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Sleeping At Taiwan's Eslite Bookstore

Before I went to Taiwan for the first time, a friend of mine told me that if I ever wanted to date a classy, clever and pretty girl I should visit Eslite Bookstore in Taipei. It was not until I arrived on the island that I realised what he was talking about. 

Eslite stands out for its stylish design, wide range of English and Chinese books, and its customer-oriented service. Many people spend hours there reading books, sitting on chairs and armchairs, and even on the floor. The staff will leave you alone, no matter whether you buy something or not. Basically, Eslite is half public library half bookstore. 

Some Eslite branches are open 24-hours and have their own cafes and tea houses. They have turned into actual entertainment centres for people who like to read, need to read, or pretend to like to read. There are all kinds of customers: you see families, couples, groups of friends, people who are absorbed in a book and those who stroll around leisurely and, most importantly, there are well-dressed, fancy people who seem as much interested in observing others and socialising, as they are in reading.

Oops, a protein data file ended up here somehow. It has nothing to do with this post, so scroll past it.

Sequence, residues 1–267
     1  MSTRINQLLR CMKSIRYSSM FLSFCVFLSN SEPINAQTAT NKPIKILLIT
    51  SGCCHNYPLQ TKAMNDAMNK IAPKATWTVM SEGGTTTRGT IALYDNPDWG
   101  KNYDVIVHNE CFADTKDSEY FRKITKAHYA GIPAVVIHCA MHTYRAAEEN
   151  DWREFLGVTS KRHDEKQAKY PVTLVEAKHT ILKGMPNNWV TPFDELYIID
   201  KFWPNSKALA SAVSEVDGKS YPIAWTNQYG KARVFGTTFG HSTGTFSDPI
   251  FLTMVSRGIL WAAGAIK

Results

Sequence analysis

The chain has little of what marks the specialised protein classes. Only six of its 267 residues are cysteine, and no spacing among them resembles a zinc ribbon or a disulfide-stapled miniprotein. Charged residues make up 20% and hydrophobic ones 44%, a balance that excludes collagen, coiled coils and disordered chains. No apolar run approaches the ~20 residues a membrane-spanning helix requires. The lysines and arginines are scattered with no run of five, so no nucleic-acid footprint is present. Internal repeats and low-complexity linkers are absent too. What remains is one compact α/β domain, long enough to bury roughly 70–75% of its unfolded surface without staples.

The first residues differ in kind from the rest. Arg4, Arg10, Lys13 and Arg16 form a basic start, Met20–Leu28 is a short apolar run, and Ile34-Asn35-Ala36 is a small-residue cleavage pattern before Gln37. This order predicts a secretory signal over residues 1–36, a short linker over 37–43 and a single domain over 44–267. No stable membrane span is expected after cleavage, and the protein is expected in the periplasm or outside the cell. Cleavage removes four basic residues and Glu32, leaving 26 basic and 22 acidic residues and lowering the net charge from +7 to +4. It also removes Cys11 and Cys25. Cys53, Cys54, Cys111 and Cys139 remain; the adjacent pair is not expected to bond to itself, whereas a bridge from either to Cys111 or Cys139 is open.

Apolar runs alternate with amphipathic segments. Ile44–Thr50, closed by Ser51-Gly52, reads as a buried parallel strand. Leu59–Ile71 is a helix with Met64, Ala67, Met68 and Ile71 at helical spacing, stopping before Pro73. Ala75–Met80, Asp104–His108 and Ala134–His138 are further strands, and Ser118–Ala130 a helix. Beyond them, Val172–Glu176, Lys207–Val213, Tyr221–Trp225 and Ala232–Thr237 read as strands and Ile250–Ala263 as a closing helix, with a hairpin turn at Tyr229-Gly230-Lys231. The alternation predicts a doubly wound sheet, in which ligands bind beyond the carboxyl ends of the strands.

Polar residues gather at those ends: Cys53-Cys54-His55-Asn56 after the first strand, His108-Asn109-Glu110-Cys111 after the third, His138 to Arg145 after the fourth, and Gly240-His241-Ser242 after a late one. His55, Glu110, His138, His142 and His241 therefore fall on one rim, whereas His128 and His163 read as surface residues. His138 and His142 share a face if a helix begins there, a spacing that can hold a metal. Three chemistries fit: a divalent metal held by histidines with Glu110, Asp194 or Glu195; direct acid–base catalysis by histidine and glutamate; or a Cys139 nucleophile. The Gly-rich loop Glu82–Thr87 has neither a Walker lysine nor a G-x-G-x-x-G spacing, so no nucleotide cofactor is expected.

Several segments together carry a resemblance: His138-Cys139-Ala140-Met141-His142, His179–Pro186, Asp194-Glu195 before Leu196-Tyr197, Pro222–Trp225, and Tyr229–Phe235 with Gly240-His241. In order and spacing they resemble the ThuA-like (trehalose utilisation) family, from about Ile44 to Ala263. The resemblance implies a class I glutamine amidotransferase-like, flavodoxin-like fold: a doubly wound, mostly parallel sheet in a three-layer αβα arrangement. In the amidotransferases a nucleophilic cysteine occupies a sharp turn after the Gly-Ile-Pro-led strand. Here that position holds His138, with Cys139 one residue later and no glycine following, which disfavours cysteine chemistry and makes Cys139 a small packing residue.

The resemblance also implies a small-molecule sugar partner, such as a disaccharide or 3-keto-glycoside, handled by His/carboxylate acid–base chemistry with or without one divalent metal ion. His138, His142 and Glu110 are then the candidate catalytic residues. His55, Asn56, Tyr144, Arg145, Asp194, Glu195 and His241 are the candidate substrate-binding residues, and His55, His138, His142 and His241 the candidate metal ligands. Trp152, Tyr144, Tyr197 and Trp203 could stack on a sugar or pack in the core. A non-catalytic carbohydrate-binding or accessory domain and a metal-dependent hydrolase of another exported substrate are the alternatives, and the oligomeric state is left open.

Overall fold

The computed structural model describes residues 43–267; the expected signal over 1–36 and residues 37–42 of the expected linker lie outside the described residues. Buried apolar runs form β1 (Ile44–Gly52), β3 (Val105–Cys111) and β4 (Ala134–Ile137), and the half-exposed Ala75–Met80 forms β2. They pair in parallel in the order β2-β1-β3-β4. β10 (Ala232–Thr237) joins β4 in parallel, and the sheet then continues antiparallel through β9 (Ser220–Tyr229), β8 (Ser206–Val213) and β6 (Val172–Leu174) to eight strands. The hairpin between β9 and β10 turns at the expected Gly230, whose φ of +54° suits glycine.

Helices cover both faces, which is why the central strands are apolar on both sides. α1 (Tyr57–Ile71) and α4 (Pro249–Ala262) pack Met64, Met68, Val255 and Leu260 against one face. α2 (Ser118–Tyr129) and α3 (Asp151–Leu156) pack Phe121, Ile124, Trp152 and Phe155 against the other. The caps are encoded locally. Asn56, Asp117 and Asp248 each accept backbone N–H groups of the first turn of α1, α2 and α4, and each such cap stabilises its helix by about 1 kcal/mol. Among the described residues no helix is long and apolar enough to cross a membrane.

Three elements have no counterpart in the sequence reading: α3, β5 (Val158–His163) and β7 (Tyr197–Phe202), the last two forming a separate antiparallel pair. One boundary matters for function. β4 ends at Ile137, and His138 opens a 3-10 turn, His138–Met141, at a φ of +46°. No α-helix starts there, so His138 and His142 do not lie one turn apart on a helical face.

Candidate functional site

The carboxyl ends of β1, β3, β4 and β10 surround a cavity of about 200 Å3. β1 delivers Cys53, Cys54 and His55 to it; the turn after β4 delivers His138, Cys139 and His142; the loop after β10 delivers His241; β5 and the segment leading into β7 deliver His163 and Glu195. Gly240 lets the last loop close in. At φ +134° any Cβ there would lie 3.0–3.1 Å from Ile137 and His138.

Eslite's customer-friendly atmosphere indeed makes you feel like at home. So much so that some people even treat it as their own bedroom. 

A few days ago, pictures of three women sleeping on the floor of an Eslite store went viral. According to local reports, at around 5-6 a.m. they were lying on the wooden floor of a store in Taipei. One of them even used clothes to cover her eyes. 


 Many netizens criticised the three women's behaviour. One netizen wrote, "There are many people like that in mainland China, they go to IKEA and won't leave. But I didn't think there were this kind of people in Taiwan, as well."

China's IKEA hit the headlines because of Chinese shoppers' habit of staying in the store for hours and even falling asleep on beds and sofas. As an IKEA manager explained to journalist Duncan Hewitt, 

On Saturdays there are people sitting in all the sofas and the easy chairs; they have their own tea, their biscuits, their newspaper, and . . . yeah, they’re having a picnic! ... And one thing I have never seen before – we had a guy sleeping in a bed for an hour, and when he woke up he explained that he just wanted to test the bed ... I think people see us not so much as a shop, perhaps more as an exhibition of modern European lifestyle (quoted in: Duncan Hewitt: Getting Rich First: Life in a Changing China, 2010). 
But while such behavior seems widespread in China, in Taiwan this appears to be an isolated incident.

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